Pocahontas statue 'relisted' to mark 400 years since death


Blackleaf
#1
A statue of Pocahontas has had its protected status "relisted" to mark 400 years since her death in England.

The life-size bronze effigy of the Native American stands in Gravesend, Kent, where she died on her journey home to Virginia in 1617.

Historic England has renewed its Grade II listed status and updated details of her life and role in Transatlantic history in its heritage list.

Pocahontas statue 'relisted' to mark 400 years since death


BBC News
16 March 2017


The life-size bronze effigy of the Native American stands in Gravesend, Kent

A statue of Pocahontas has had its protected status "relisted" to mark 400 years since her death in England.

The life-size bronze effigy of the Native American stands in Gravesend, Kent, where she died on her journey home to Virginia in 1617.

Historic England has renewed its Grade II listed status and updated details of her life and role in Transatlantic history in its heritage list.

A new Grade II listed status has also been given to a monument in London.


Pocahontas converted to Christianity and married the colonist John Rolfe

The Virginia Quay First Settlers Monument, across the River Thames from the O2 Arena (the Millennium Dome) in Blackwall, remembers the men, women and children who left the quayside for North America in December 1606.

The adventurers founded Jamestown, the first English colony in Virginia, in April 1607, which was captained by John Smith.

The statue of Pocahontas is a copy of a sculpture in Jamestown, Virginia, that was donated to the UK in 1958 by the state's then governor.

It was first listed in 1975.


The Virginia Quay First Settlers Monument remembers the men, women and children who left the quayside for North America in December 1606


Pocahontas is believed to be buried under St George's Church

Debbie Mays, head of listing at Historic England, said: "Pocahontas is remembered for her forging of ties between two very different cultures.

"These monuments are physical reminders of her story, those of the English setting sail to the New World, and our shared colonial past and we are pleased to mark their importance on the National Heritage List for England (external - login to view)."

Pocahontas: a fact file

Pocahontas was the daughter of Chief Powhatan, the leader of a tribe of Native Americans

Legend has it that after Captain Smith was captured by the tribe she negotiated his release, earning a reputation as a peacemaker

After Smith returned to England, she was captured and spent a year in the English encampment

There she converted to Christianity and married the colonist John Rolfe, adopting the name Rebecca Rolfe


She travelled more than 3,000 miles with her husband to England in 1616

During her time in England she was received by the court of King James I


She died in March 1617 at the beginning of the return leg to Virginia

Pocahontas was buried in the chancel of St George's Church, Gravesend, on 21 March 1617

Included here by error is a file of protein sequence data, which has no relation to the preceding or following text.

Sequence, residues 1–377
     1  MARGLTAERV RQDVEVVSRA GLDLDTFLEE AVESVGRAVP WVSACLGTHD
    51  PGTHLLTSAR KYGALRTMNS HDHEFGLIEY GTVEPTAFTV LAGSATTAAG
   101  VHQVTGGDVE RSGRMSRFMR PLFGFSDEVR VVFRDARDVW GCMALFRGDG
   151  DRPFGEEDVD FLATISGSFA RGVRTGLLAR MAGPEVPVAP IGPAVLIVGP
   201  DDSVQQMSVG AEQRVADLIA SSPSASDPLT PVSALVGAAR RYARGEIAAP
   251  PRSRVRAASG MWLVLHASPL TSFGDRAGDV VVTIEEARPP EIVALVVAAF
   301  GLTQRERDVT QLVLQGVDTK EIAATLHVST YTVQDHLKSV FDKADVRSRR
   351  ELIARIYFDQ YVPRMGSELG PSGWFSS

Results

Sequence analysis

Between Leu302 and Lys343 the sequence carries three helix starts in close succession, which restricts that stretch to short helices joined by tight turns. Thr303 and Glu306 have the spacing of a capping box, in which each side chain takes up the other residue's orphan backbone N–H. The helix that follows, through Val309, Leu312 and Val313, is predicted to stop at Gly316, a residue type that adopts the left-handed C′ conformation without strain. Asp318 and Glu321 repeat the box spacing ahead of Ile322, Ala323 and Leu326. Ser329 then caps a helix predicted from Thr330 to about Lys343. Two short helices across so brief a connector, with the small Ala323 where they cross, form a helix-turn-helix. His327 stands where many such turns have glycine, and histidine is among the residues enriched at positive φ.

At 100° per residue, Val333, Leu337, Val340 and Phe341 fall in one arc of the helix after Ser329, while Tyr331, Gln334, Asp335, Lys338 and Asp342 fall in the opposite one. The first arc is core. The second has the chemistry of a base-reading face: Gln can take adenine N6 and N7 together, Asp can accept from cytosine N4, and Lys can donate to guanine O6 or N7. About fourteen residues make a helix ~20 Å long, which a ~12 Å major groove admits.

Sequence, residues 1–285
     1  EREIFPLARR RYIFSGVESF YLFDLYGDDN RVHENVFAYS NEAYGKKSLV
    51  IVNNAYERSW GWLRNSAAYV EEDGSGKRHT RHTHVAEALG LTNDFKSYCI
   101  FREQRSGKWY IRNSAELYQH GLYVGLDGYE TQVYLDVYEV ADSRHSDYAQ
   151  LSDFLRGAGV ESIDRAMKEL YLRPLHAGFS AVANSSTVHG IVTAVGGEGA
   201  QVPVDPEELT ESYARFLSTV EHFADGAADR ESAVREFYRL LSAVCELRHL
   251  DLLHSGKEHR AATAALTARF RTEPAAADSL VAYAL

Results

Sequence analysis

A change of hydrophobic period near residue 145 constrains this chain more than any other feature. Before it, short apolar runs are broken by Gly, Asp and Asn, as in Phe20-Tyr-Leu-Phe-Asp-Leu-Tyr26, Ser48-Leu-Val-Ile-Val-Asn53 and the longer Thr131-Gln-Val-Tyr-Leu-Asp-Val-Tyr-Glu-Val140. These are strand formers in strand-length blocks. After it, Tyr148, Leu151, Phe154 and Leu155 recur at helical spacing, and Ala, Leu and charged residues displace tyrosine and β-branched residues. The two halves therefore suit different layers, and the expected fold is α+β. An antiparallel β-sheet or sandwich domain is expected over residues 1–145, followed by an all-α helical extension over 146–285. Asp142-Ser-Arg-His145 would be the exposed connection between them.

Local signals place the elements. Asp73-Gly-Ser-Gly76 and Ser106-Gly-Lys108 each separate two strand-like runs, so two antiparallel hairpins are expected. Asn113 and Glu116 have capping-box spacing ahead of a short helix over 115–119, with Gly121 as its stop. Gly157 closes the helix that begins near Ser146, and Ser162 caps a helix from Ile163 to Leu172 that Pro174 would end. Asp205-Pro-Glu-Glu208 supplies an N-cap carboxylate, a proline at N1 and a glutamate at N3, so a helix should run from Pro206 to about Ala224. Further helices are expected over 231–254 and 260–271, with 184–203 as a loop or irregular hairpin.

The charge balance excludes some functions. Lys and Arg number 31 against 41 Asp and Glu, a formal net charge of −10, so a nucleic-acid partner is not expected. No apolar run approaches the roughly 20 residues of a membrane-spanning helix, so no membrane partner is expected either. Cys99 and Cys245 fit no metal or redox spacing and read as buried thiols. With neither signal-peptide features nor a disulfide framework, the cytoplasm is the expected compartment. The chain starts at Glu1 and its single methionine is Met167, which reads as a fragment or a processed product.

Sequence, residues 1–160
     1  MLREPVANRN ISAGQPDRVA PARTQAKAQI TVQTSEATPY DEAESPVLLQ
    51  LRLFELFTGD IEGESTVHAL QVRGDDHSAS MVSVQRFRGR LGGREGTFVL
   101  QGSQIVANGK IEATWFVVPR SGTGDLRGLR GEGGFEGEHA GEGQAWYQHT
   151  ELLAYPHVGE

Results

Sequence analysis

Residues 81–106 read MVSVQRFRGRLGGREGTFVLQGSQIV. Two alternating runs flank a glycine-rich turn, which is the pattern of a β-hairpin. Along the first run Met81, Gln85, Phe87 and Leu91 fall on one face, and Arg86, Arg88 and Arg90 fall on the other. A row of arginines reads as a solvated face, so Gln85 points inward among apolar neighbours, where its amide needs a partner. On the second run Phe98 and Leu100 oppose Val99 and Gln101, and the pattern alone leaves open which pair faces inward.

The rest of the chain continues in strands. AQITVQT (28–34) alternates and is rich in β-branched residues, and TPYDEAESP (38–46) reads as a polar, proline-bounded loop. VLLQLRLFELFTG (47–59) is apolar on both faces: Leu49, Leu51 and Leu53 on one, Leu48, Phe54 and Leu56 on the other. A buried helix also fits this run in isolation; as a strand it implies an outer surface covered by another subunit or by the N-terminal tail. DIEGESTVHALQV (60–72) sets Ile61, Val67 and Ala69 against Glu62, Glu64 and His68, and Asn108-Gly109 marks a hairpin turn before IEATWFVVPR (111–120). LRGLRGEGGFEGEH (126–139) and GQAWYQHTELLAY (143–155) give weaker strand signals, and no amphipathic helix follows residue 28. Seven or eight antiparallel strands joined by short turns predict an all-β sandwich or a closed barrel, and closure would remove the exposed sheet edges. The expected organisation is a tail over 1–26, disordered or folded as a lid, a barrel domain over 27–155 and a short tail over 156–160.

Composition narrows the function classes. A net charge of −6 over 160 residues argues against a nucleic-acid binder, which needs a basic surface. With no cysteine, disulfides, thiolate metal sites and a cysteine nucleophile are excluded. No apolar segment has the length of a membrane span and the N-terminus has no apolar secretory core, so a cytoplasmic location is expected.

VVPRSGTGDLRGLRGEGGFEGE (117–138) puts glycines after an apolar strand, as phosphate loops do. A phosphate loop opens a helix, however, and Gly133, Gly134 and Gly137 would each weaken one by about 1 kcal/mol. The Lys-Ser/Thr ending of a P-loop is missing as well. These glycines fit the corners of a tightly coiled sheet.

Her remains are thought to be beneath the existing church, after the original was destroyed by fire in 1727


Pocahontas statue 'relisted' to mark 400 years since death - BBC News (external - login to view)
Last edited by Blackleaf; Mar 16th, 2017 at 05:46 AM..
 
Curious Cdn
#2
The Virginia Quay First Settlers Monument remembers the men, women and children who left the quayside for North America in December 1606

Wasn't that the settlement that broke down into cannibalism?

www.google.ca/url?sa=t&source...1ucYI-nOwQ6A7A (external - login to view)
 
Blackleaf
#3
Quote: Originally Posted by Curious CdnView Post

The Virginia Quay First Settlers Monument remembers the men, women and children who left the quayside for North America in December 1606

Wasn't that the settlement that broke down into cannibalism?

www.google.ca/url?sa=t&source...1ucYI-nOwQ6A7A (external - login to view)

I don't know why they just didn't go hunting.
 
Danbones
#4
so the gal died of white man's disease
 
Tecumsehsbones
#5
Quote: Originally Posted by BlackleafView Post

I don't know why they just didn't go hunting.

Probably because Brits are retarded.

The "First Settlers" story also conveniently ignores the fact that the Spanish settlement of St. Augustin in what is now Florida was already 41 years old when the "first settlers" intrepidly set sail. That'd be more of that Brit retardation.

And of course that's only relevant if you exclude what is now Mexico and the Caribbean Islands and Canada (settled in the early 1500s, late 1400s, and 1603 respectively) from your definition of North America, as retarded Brits do.
 
Blackleaf
#6
Quote: Originally Posted by TecumsehsbonesView Post

Probably because Brits are retarded.

The "First Settlers" story also conveniently ignores the fact that the Spanish settlement of St. Augustin in what is now Florida was already 41 years old when the "first settlers" intrepidly set sail. That'd be more of that Brit retardation.

And of course that's only relevant if you exclude what is now Mexico and the Caribbean Islands and Canada (settled in the early 1500s, late 1400s, and 1603 respectively) from your definition of North America, as retarded Brits do.

And don't forget that China and Angola are also excluded from the colonisation of America. Not just Mexico.
 
Tecumsehsbones
#7
Quote: Originally Posted by BlackleafView Post

And don't forget that China and Angola are also excluded from the colonisation of America. Not just Mexico.

Yes, your thesis is that Florida and Canada are no more part of North America than China and Angola.

Thank you for adding your little clod of stupid to the mountain of evidence that Brits are retarded.
 
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